13th February 2022
I only wished this Swallow-tailed Kite hung around for just a little while longer instead of goin straight through
This morning, for the first time since arriving in Costa Rica, I was late in getting up. I stayed in bed until gone 07.00 and after breakfast, I wasn’t in any rush. So just before 10.00, I braved the humid conditions with no idea where I was goin. I never really plan anythin but ended up following the road south towards the river, Rio Plantanares that is less than two miles away. I had only been ten minutes away from my digs and it started to open up with fields and raptors. In the space of twenty minutes of standing still and looking skywards, I counted up to five species. A Roadside Hawk was at the side of the road while at the same time, a pair were displaying briefly. A single Yellow-headed and Crested Caracara, Great Black Hawk and the icing on the cake, a low flying Swallow-tailed Kite. Ahead of me, boarding the road, were a row of tall trees and a stop underneath paid off on the first bird I put my eyes on. A female Rose-throated Becard. It stayed up high in the canopy but at head hight I was focused on getting close range views of the usual suspects that I come across daily. Yank warblers and vireos with also a single Southern Beardless Tyrannulet and Cocoa Woodcreeper. In the garden opposite were a couple of Dark-striped Sparrow and in a small shrub was the becard! However, it never showed out in the open and ended up flying deeper into the garden out of sight.
Although pretty common in the area, this Southern Beardless Tyrannulet was a first for myself
This Great Black Hawk was a new species
I’ve only seen a distant flock of Swallow-tailed Kite on my first visit to Costa Rica and also the two dots high up that I had yesterday. So really this was like a new species I guess as it gave crippling flight views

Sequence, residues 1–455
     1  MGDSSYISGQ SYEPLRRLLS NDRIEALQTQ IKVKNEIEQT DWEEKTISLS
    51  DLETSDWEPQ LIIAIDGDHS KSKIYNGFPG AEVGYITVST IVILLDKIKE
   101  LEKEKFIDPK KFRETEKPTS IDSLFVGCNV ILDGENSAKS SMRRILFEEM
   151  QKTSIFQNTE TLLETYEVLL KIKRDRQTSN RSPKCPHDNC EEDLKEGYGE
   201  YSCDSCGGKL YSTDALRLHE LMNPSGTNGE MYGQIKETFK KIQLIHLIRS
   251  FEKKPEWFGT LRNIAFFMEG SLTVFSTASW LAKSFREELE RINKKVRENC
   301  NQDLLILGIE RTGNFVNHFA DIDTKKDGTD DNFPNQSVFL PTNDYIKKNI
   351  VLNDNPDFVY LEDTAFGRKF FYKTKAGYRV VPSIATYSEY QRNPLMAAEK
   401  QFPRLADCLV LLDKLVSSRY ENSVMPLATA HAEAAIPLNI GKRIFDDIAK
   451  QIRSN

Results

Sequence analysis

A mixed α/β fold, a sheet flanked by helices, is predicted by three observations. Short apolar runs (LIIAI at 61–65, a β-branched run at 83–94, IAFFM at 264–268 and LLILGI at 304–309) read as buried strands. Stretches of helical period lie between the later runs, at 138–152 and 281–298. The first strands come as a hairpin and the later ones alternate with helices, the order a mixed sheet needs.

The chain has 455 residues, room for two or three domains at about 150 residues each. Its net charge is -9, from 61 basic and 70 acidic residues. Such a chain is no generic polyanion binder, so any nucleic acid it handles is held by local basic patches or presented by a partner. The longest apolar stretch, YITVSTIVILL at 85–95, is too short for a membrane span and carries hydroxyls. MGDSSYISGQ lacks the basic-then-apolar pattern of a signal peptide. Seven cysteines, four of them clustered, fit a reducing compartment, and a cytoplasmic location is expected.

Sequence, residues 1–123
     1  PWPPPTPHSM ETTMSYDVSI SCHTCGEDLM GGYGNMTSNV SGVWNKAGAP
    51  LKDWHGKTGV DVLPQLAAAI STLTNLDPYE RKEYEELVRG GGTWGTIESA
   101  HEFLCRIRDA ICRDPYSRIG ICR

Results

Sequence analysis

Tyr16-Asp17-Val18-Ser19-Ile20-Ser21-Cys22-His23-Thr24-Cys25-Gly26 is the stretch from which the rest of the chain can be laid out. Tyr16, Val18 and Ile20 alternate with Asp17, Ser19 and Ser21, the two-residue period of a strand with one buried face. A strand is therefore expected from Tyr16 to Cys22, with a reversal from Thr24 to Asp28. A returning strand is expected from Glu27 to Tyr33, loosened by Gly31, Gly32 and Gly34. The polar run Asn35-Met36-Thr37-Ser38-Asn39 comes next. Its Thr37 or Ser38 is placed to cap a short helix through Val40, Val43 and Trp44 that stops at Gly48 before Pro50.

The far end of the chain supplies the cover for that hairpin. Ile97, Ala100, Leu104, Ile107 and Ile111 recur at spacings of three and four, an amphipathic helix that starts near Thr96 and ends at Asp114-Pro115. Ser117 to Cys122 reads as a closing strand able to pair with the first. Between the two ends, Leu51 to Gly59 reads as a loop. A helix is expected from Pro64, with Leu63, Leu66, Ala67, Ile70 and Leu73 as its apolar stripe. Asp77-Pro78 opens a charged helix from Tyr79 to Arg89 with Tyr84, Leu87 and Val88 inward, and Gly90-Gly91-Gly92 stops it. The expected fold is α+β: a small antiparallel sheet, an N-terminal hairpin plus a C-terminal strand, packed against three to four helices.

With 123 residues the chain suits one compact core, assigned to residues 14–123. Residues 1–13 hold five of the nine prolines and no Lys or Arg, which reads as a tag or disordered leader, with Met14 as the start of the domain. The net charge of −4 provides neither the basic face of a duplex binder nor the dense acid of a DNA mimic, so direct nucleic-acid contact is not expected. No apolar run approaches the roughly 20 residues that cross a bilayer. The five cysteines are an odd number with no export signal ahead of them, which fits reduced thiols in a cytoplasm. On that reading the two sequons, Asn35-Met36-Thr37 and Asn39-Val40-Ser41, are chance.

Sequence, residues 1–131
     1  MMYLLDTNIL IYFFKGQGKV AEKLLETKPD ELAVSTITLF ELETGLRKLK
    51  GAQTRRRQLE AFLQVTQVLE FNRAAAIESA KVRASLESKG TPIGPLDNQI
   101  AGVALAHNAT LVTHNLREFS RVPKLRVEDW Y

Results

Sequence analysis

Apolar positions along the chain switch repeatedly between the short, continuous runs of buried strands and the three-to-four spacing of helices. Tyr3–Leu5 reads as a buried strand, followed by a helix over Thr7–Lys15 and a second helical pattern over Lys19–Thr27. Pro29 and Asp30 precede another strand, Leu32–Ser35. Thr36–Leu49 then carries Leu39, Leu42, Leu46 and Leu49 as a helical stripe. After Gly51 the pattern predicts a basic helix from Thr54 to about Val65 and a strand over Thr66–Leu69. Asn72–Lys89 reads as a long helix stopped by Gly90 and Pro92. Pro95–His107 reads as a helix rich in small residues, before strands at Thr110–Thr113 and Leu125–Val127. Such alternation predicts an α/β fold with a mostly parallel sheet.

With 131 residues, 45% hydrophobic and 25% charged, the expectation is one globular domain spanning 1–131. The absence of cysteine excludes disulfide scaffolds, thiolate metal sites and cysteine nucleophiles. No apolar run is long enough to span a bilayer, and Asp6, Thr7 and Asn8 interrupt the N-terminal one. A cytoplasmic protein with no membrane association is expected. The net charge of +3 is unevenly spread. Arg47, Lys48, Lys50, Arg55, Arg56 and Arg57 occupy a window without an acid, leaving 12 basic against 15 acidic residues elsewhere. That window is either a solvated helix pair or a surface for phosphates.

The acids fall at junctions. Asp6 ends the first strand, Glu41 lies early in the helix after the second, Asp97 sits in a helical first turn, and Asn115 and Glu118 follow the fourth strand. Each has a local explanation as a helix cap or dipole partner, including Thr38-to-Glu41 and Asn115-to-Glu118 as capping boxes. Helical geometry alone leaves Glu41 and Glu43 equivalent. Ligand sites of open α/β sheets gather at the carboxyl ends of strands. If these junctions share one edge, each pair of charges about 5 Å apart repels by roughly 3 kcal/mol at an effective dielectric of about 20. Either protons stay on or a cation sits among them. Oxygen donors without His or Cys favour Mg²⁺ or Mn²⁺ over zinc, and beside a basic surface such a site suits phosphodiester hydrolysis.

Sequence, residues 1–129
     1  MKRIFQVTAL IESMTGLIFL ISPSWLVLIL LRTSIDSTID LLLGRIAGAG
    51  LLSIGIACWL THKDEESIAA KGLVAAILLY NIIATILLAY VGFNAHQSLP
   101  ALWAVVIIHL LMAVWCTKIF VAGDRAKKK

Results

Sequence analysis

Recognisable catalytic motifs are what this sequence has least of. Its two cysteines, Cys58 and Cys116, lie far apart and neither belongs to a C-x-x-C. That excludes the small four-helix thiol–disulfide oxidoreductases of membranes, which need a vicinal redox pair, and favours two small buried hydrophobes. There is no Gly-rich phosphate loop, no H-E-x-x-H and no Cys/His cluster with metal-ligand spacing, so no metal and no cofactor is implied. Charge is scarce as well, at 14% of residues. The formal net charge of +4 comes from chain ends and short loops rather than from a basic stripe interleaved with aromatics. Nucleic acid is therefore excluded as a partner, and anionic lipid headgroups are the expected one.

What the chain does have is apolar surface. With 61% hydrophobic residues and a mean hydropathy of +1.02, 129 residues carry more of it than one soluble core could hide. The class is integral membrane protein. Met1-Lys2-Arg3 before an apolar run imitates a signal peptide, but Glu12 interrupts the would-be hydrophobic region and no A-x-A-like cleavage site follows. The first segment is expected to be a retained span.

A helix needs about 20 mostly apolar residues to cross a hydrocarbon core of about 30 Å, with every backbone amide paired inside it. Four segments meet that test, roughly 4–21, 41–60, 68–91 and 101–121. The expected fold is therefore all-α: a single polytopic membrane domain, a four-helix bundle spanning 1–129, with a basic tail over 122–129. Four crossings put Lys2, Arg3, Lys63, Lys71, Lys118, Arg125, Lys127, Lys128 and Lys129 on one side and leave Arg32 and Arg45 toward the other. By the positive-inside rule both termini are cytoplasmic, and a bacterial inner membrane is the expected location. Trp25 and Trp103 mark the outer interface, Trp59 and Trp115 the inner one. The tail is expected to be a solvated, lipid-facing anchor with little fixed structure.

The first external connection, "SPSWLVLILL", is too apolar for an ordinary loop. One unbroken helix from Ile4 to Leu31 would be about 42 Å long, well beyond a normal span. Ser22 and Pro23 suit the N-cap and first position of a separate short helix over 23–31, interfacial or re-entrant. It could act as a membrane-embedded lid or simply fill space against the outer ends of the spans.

As this female Rose-throated Becard spent most of it’s time high up in the canopy, I took the opportunity of when it very briefly came lower and this was the result before it returned to the tree tops again.
Further south, down the road and it was over an hour later that in the same tree, I managed to get two new species. Mangrove Cuckoo that showed off superbly and while rattling off the camera, a pair of Spot-crowned Euphonia dropped in briefly. It was now mid-afternoon and I finally reached the river. Nearby, of note, there were a male White-winged Becard, Riverside Wren and a pair of Black-crowned Tityra. Although I wanted to continue walking towards the sea, I couldn’t stand the heat anymore and turned around and made the treck back. As I moved slightly quicker, like it only took me over an hour to the hostel, as expected, I didn’t really see much. There were a small flock of Costa Rican Swift and the highlight was a Tiger Rat Snake that showed it’s head very well before retreating.
My first Mangrove Cuckoo showed off at close range in trees bordering the road
Another first, in the same tree as the cuckoo, were up to 4 Spot-crowned Euphonia
At least some 7 Yellow-throated Vireo with only a single Philadelphia Vireo seen
Good numbers of Chestnut-sided Warbler in the area
What a corker this Black and White Warbler is
A new species of swift were a small flock of Costa Rican Swift
I was fortunate to come across this Tiger Rat Snake just off the road
The last leg of the road I was following before I turned around and returned to my digs.
Deema Wawe, only 12 years old, the youngest Palestinian prisoner in Israeli jails. Can you imagine this? No matter what the reason is, a child with this age shouldn’t suffer such abuse. Children of Palestine are unprotected and being abused by all means all the time and no one cares. This is a critical situation against children that the world horribly ignores. You visit Israeli apartheid state, then you help fund this child and others getting abused and put in cells. Some in there for the rest of their childhood
One thought on “Costa Rica Day 38”
I saw Swallow-tailed Kites in Florida in 1999 – stunning
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